Mon | Jun 24, 2019

Machel Emanuel | Ganja vs industrial hemp production in Jamaica

Published:Wednesday | May 15, 2019 | 12:20 AMMachel Emanuel/Contributor
Ganja farm

Jamaica has developed a reputation internationally for the production of cannabis inflorescence (buds, flowers) and a wealth of indigenous knowledge and technical competence as it pertains to the cultivation and management of the horticultural commodity.

The amended Dangerous Drugs Act 2015 stipulates that hemp is classified as any Cannabis sativa L plant, or any part thereof, that possesses less than one per cent THC. However, this creates a level of ambiguity within the law, as there is a remarkable difference between craft hemp (cannabis flowers grown for high CBD but low THC, less than one per cent) as compared to industrial hemp grown for its biomass, in particular its fibres and seeds.

Therefore, the production of industrial hemp in Jamaica poses a serious threat to the integrity and sustainable development of the Jamaica medical cannabis industry. There is a difference between the genetic nature of industrial hemp when compared to ganja. According to research published by Datwyler and Weiblen 2006, the analysis of molecular variance indicates that 27.2 per cent of the genetic variation is attributable to differences between ganja and industrial hemp lines, while 20.9 per cent can be attributed to differences among hemp varieties.

Industrial hemp has always been traditionally cultivated in temperate climates. China accounts for 70 per cent of the world’s production, followed by France, United States of America, Canada and Chile. The average industrial hemp farm is 500 hectares, where the production, harvesting and processing are all mechanised. The end product of the two commodities, industrial hemp and ganja, are different and have unique value chains. Hemp is all about the production of biomass, while ganja is about the production of the trichome glands (produces the medical and therapeutic value). Therefore, the methods of production and modus operandi are different to achieve the desired output. Over centuries, there has been selective breeding for morphological, physiological and phytochemical traits to maximise the output of these cannabis cultivars for biomass and high-density trichome inflorescences.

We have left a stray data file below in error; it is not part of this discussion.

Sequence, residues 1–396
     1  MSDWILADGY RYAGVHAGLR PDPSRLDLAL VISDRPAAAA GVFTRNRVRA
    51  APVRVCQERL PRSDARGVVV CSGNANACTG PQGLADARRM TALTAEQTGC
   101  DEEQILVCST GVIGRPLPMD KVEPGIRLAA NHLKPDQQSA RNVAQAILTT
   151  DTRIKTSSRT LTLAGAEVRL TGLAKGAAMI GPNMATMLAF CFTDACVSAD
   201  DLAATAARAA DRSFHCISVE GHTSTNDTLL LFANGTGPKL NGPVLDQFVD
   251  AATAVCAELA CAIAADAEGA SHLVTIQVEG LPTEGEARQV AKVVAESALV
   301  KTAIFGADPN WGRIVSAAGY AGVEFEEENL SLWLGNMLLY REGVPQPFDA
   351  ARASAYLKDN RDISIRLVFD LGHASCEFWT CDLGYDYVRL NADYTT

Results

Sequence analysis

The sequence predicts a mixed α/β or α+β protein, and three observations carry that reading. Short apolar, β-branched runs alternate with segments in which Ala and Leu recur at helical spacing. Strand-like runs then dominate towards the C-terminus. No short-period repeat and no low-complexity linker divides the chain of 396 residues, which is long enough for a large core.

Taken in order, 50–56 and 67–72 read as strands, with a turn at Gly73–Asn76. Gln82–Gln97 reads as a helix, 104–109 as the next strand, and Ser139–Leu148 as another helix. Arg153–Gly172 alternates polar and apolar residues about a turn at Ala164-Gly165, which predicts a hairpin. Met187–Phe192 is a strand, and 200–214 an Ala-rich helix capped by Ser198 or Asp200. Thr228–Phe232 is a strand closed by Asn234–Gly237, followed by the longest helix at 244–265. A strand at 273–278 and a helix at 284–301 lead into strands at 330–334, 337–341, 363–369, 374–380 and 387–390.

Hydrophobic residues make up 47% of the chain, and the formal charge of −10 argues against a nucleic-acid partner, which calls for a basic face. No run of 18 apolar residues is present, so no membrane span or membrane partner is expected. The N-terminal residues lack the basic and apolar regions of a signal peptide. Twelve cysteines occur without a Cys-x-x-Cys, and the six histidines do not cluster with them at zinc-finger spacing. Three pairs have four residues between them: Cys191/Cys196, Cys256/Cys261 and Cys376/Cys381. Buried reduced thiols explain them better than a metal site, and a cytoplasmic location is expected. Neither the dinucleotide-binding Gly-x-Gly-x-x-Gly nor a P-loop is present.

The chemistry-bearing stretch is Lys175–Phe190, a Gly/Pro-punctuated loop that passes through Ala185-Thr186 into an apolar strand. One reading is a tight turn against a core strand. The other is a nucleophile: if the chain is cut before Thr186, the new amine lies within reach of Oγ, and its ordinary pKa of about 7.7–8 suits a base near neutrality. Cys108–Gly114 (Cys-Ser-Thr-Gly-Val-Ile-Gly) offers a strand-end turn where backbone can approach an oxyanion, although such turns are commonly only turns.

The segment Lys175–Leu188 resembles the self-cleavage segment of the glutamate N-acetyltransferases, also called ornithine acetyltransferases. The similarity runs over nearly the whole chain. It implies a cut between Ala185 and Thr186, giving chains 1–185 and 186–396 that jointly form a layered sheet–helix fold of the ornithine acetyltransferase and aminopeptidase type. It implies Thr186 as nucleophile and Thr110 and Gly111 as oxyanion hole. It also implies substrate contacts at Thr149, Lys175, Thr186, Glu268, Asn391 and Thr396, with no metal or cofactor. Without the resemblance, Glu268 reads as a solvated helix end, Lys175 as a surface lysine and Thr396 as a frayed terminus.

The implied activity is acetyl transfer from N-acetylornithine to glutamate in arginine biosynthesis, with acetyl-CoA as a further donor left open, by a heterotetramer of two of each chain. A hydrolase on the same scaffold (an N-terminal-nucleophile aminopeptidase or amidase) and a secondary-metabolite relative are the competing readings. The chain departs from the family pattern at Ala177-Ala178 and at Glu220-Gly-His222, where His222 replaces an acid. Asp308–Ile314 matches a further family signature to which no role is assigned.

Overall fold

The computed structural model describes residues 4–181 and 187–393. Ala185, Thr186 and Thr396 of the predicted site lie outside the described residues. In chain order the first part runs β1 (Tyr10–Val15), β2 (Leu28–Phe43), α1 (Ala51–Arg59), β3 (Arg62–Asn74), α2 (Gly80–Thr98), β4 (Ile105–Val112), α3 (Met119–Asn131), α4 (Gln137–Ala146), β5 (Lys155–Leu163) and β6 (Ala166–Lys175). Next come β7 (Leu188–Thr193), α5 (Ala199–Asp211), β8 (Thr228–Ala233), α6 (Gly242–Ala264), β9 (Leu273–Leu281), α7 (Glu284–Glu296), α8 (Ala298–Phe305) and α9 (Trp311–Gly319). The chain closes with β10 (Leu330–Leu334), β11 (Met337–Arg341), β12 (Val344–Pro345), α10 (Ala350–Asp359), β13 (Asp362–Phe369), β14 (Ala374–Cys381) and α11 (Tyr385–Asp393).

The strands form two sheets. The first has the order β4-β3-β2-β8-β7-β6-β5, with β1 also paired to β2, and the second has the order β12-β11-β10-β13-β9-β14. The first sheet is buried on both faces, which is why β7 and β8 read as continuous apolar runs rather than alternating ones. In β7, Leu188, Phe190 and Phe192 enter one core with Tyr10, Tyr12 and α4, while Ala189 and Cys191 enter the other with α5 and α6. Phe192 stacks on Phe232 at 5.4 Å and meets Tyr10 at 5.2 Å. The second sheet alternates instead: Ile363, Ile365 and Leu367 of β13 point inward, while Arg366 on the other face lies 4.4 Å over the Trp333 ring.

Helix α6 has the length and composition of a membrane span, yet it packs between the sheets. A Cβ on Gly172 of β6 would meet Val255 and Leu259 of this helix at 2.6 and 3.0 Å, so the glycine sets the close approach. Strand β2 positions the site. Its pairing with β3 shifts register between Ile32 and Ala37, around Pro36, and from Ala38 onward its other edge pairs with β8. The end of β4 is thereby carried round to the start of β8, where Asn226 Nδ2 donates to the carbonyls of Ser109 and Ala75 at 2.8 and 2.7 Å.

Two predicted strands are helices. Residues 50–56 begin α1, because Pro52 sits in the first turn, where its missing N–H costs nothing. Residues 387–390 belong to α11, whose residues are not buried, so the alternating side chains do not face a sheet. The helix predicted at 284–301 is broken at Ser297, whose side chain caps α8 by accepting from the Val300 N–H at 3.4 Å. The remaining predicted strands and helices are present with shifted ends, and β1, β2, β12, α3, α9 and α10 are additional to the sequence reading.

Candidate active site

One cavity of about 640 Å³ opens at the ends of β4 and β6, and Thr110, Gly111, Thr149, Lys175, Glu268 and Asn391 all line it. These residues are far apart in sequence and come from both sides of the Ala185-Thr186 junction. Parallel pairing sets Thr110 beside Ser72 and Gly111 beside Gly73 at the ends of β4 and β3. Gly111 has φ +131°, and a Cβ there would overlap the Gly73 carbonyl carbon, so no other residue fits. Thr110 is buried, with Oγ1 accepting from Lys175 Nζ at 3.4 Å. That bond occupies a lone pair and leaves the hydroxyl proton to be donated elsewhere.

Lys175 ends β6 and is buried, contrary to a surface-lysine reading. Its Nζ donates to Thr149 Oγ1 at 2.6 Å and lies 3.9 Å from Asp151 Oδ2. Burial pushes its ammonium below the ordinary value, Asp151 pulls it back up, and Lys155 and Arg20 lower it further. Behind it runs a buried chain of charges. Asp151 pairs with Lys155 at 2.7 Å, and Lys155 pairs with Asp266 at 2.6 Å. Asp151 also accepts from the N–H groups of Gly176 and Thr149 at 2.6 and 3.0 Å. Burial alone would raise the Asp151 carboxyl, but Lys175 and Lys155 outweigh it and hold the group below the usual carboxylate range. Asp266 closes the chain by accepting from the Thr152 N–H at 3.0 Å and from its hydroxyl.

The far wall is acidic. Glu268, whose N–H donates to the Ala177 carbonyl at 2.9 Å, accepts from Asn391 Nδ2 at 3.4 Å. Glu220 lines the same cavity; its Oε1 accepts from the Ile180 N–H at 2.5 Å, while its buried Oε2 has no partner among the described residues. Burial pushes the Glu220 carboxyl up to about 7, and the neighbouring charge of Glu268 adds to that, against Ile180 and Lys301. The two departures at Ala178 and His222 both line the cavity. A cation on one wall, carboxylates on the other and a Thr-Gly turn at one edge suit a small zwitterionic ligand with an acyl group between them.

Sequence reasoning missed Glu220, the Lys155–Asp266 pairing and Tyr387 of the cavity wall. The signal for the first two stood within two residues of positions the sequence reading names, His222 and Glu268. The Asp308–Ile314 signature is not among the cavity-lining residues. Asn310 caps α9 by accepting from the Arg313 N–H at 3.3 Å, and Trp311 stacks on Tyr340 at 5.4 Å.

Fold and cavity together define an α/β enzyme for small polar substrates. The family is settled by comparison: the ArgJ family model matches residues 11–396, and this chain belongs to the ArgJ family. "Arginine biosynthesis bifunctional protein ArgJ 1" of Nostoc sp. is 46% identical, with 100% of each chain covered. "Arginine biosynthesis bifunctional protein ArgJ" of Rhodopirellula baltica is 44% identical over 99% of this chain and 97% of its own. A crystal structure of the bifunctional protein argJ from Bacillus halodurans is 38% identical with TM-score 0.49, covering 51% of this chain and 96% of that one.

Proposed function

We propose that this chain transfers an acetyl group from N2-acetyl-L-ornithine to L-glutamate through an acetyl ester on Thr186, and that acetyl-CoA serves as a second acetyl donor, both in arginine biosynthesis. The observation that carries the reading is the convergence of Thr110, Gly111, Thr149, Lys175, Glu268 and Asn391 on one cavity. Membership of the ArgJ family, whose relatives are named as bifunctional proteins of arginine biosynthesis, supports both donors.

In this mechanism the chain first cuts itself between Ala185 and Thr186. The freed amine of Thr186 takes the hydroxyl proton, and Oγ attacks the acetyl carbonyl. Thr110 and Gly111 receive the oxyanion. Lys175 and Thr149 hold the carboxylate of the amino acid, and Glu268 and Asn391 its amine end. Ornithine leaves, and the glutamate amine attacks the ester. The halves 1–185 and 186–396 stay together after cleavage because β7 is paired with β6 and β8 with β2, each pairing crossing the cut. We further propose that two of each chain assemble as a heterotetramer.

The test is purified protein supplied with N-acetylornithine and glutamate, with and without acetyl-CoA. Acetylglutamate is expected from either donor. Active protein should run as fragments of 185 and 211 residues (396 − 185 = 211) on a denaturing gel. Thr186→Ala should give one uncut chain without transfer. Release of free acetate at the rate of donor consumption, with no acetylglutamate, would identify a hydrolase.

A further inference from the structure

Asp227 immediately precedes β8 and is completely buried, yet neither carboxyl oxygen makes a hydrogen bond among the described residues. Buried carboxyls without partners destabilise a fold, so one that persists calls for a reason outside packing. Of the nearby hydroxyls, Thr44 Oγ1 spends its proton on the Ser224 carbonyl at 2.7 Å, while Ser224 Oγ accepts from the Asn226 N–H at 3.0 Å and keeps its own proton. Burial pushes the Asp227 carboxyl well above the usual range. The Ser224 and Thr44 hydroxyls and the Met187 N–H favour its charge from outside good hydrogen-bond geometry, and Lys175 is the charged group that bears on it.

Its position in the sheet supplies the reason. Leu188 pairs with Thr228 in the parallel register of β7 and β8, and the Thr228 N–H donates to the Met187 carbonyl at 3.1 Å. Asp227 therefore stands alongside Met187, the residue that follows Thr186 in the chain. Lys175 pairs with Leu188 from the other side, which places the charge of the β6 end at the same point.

Cross-fertile

Cannabis sativa L is a dioecious (male/female) plant. The production of ganja (inclusive of craft hemp) only takes advantage of the female inflorescences which possess the highest concentrations of the trichome glands, while on the other hand, industrial hemp does not need to differentiate between the two in its production. All members of the genus cannabis are cross-fertile, the pollen from flowering male plants is wind-borne, making cross-fertilisation extremely common. A single male cannabis plant can produce 350,000 male spores during its sexually mature stage. These male spores can survive for 30 hours naturally and has the possibility to traverse a 30-mile radius under normal conditions. Therefore, the possibility arises for cross-pollination to occur between industrial hemp, the householders who can grow five plants, sacramental growers, traditional growers, researchers, plant breeders and the medical licensed producers. For Jamaica, situated in the hurricane belt, and with the advent of climate change, more frequent and larger storms are expected. The possibility of fertile, male industrial hemp spores travelling the wind currents could affect the genetic integrity of all ganja currently grown on the island, which will, in turn, compromise the ­germplasm stock and risks the possibility of reducing the nostalgia value of the cannabis industry in Jamaica.

Cultivating temperate varieties within Jamaica’s tropical climate – with higher temperatures, levels of humidity and shorter diurnal periods (hours of sunlight) – will see a high proportion of female industrial hemp plants experiencing stressful conditions, which will see the female plants becoming hermaphrodites and producing fertile male spores. These spores being produced by hermaphrodites will now have the possibility to pollinate any female pistils within its radius and produce seeds with hermaphrodite genes embedded in its genome. Hermaphrodite genes are extremely difficult to remove from cultivars via traditional breeding techniques. The diurnal period in Jamaica will not allow for comparable yields per acre as compared to the longer days experienced in temperate climates.

The policymakers should carefully assess the feasibility and practicality of cultivating industrial hemp in Jamaica, as it could reduce the ability to participate forcefully within the global business of cannabis, while maintaining its reputation, consequently subject ourselves to the possibility of importing ganja and its value-added products from the United States and Canada, in the near future, to satisfy the needs of our local populace.

Machel Emanuel, BSc MSc PhD (horticulturist/crop scientist), Dep-artment of Life Sciences, Faculty of Science and Technology, University of the West Indies, Mona campus. Email: machelemanuel@gmail.com